• Matthew Legros

What Aldridge's Absence Means for the Spurs

The San Antonio Spurs are the first seed in the Western Conference. Kawhi Leonard has asserted his dominance over the NBA and is now a legitimate MVP candidate with a strong chance of winning. The Spurs' reserves, as showcased a few nights ago, outclassed the Golden State Warriors second unit in a battle of the benches. Patty Mills remains a 6th Man of the Year candidate and, all the while, Pau Gasol has returned to the lineup. With so much tremendous success mounting at the turn of the All-Star break, an injury to LaMarcus Aldridge is definitely a dampening source of regression for such a promising team.

LaMarcus Aldridge, the Spurs' second best player and a premier power forward in the NBA, is out indefinitely with what is diagnosed as a "heart arrhythmia." For those of you unaware of such an ailment, a heart arrhythmia is when there is a malfunction of the heart's electrical system and heart chambers. This may cause irregular heart beats (the indicator in the case of LaMarcus). The Spurs are closely monitoring Aldridge, as any organization should. We have seen in recent history how minor indicators have led to more pressing health issues: as in the cases of Chris Bosh’s blood clots and Isaiah Austin’s Marfans syndrome. Clearly Aldridge doesn't seem to have a situation as severe, but one can never be so sure, especially in an open contact sport where the regularity of the heartbeat is essential to playing ability.

Aldridge has delivered a solid season thus far. Through 65 games, Aldridge has dialed in 17.3 points and 7.4 boards a game on nearly 48% shooting from the field. However, his per 36 numbers are his lowest since the 2010-2011 season. The usual 20-and-11 big man has certainly taken the backseat to Kawhi Leonard, and rightfully so, but he could also be more aggressive on the court. His usage rate is also his lowest since the 2009-2010 season. Not only does his aggression level need a minor spike, but coach Gregg Popovich needs to find a way to make Aldridge more of the premier scorer that we all know he is. His win-shares figure at 5.9 has him on pace to deliver his career average of 8.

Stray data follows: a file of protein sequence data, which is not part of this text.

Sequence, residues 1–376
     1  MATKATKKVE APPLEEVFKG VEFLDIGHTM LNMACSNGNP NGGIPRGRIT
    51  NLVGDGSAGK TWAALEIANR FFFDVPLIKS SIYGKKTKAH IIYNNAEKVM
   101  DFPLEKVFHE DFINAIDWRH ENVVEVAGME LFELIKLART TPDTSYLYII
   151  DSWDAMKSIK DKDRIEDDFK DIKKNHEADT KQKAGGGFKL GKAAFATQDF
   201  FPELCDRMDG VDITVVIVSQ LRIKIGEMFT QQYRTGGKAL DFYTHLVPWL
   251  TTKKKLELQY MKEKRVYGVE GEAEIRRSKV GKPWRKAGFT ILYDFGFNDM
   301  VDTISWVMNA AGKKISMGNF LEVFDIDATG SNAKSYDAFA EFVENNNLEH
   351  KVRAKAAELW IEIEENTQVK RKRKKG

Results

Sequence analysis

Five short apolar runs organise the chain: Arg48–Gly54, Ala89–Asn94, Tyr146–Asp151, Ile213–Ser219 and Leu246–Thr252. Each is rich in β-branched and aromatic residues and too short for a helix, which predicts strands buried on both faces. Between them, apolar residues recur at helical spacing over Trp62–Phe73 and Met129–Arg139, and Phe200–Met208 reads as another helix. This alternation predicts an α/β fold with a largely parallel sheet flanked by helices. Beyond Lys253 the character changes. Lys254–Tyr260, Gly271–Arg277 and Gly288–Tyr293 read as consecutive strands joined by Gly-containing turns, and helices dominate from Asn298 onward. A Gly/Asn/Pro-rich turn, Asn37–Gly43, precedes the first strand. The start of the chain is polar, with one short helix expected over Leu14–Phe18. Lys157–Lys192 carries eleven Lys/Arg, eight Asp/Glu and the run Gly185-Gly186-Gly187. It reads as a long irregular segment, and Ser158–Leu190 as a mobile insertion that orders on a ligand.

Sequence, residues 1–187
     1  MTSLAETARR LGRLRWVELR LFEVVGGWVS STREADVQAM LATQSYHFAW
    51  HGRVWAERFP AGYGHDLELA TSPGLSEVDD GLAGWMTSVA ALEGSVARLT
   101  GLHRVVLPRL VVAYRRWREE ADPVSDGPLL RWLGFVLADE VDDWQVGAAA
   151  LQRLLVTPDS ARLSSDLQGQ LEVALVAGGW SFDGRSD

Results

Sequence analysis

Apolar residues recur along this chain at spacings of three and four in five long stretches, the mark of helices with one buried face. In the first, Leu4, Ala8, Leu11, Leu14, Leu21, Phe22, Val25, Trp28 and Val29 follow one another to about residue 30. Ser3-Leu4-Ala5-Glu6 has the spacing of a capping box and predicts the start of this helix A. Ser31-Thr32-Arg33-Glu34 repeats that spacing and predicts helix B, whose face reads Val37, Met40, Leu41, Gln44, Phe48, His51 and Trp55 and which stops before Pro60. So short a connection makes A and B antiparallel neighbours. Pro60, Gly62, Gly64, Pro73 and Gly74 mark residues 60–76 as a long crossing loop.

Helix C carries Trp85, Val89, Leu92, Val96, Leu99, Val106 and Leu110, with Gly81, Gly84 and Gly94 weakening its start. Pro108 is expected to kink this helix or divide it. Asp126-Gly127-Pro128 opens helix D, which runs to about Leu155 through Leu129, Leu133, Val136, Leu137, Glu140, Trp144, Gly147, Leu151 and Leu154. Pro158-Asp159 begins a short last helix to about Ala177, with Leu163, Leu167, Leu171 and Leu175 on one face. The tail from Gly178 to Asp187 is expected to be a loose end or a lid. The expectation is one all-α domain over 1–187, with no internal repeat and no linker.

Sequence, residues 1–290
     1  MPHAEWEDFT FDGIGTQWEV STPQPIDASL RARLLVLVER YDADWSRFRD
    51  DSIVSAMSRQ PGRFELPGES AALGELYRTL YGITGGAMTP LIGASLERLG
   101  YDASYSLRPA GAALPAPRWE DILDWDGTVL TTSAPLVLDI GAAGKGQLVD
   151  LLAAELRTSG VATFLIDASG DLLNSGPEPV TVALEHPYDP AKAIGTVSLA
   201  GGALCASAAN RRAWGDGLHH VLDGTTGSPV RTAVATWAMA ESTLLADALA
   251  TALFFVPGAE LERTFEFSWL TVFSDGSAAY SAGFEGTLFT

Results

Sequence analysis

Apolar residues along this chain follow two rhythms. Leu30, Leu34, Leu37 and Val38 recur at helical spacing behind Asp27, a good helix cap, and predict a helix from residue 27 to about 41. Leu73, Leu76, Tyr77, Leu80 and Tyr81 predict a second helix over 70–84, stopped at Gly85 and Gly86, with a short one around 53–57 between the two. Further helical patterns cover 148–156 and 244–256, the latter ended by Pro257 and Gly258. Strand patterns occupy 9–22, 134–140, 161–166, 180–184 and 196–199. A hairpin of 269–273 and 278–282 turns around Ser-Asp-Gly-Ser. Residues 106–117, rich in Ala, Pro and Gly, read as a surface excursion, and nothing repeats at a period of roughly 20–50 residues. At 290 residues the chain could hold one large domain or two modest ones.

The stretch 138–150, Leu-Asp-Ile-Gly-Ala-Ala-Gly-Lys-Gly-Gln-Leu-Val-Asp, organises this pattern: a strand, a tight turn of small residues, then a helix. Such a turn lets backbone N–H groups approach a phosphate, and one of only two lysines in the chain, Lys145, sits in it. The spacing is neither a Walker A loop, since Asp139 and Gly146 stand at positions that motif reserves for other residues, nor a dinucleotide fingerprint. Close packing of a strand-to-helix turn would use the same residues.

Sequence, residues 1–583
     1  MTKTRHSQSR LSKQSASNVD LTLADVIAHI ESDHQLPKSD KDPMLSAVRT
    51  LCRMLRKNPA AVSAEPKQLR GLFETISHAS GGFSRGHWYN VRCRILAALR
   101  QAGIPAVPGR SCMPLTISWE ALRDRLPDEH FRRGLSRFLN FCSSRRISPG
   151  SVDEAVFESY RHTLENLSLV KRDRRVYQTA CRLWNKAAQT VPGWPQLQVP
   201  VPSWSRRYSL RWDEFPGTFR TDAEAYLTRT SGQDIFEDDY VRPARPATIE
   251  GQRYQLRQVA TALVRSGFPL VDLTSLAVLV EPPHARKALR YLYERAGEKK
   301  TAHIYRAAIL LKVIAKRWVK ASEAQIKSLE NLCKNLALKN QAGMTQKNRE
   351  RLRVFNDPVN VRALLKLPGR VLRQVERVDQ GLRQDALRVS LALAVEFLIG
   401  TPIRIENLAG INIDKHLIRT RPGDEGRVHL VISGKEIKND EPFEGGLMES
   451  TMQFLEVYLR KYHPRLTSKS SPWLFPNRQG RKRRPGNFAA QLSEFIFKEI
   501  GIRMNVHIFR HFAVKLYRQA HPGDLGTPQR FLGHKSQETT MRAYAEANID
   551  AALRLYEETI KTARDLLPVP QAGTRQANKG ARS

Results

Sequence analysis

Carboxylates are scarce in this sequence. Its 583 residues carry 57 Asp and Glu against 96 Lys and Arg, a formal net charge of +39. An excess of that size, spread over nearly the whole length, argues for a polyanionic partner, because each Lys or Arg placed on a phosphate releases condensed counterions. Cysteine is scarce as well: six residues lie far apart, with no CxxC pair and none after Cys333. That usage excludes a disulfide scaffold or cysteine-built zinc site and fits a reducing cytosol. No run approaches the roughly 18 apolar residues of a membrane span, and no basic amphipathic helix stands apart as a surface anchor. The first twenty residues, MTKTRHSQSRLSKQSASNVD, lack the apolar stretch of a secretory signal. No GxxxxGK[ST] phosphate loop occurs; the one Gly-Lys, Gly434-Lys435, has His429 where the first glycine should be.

Away from the numbers, Aldridge impacts the game on a deeper level. His flexibility in the mid-range allows cutters like Tony Parker and Kawhi Leonard easy lanes to the rim, and gives Aldridge the capability of distributing to shooters on the wing like Danny Green and Patty Mills. His ability to extend his range to the 3-point line is also a huge factor when matching up against Golden State. But most importantly: he is the second best player on the team. So what will this mean for the Spurs going forward in the wake of his absence?

San Antonio has just endured a long stretch without Pau Gasol. While caliber of play is certainly one to account for, the Spurs have been up to their winning ways without a vital cog in their system. While a couple of losses are expected the Spurs should, for the most part, continue to register W's on their record with relative ease. The major setback that will come with the ailment, however, is that of chemistry. It is at this point in the season where teams begin to solidify their identity and make a push for the playoffs. Having already clinched a playoff spot last week, that is the least of their concerns, but making sure all players are clicking on the same cylinder is of paramount importance, especially when thinking big picture.

Starting in his place will most likely be a tossup between center Dewayne Dedmon and Kyle Anderson. With Dedmon, the Spurs would maintain their rebounding advantage and have a heightened sense of rim protection, relegating Pau to the 4. However, the offensive gap between Aldridge and Dedmon is considerable, which will call for guys such as Leonard, Parker, Green, and Jonathan Simmons to elevate their play and score more buckets. As it pertains to Kyle Anderson, the Spurs would have another wing that can guard positions 2-4, and would have a bit more of an outside presence in comparison to a lineup with Dedmon. However, his defense, size, and experience are all lacking — which could throw off chemistry somewhat.

Regardless, the San Antonio Spurs are behind one Gregg Popovich, and when that is the case, they will almost always be fine. Aldridge's indefinite absence will cost the Spurs, but as long as he is back right before the regular season ends, there shouldn't be any pressing issues. If he is not, however, then the Wild Wild West just got even wilder.

#NBA #Spurs #MatthewLegros #LaMarcusAldridge